Yosemite in Time.
Ice Ages, Tree Clocks, Ghost Rivers.
Photographs by Mark Klett and Byron Wolfe. Text by Rebecca Solnit.
Trinity University Press, San Antonio, 2005. 144 pp., 60 duotone and color illustrations, 12x9¾".
Signed copies available!
Walking in the illustrious footsteps of the original western
rephotographic survey of the 1970's, and its sequel,
the Third View project, this book is in a sense a zoomed view with an accompanying narration. Yosemite in Time
is the brainchild of photographers Mark Klett and Byron
Wolfe, and writer Rebecca Solnit, and its completely collaborative
quality is the first of its stratified pleasures.
Wolfe, Solnit and Klett have refined and pared the interdisciplinary
approach used in the Third View project,
exchanging ideas and brainstorming techniques while
spelling each other at the wheel. The lively and inclusive
nature of this corps of rediscovery seems to have been
extended as well to the artists who originated the ways
we have come to think about Yosemite (and perhaps
American wilderness as a whole): Eadweard Muybridge,
Carleton Watkins, Edward Weston and Ansel Adams.
Much of the inspiration for rephotography is, of course,
to better understand the original impulse behind the
choices, both documentary and aesthetic, of Western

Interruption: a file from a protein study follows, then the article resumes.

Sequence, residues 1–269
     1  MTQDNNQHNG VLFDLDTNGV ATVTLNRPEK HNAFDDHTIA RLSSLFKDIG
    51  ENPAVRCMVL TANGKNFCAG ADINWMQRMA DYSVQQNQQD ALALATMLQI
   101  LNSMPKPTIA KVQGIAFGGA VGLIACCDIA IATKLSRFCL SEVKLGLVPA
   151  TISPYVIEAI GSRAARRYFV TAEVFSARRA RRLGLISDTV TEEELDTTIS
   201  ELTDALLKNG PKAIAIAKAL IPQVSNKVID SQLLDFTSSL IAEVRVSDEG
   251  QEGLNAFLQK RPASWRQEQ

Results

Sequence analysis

Ur-photographers; a further benefit is the opportunity
to see physical evidence of the passage of time.
Yosemite in Time takes this process further by merging
the calculated precision of re-placement of the camera
in time and space with the more intuitive, less perspectivally-
correct use of numerous panoramas. By imbedding
the original views in contemporary (mainly color)
panoramic collages in original and instructive ways, the
authors manage to rehumanize what might otherwise
seem exhausted ways of seeing. Digital imaging technology
has been used sparingly and appropriately to
locate the past and the present with respect to each
other, and the integrity of the effort is greatly enhanced
by Solnit's text, which weaves the pictures into an
appropriately layered critical/historical whole.
Ultimately, she and her collaborators use Yosemite as
the quintessentially American means to ask larger questions
about timelessness, human vision, and the relentless
nature of change. PHIL HARRIS
Read Publisher's Description.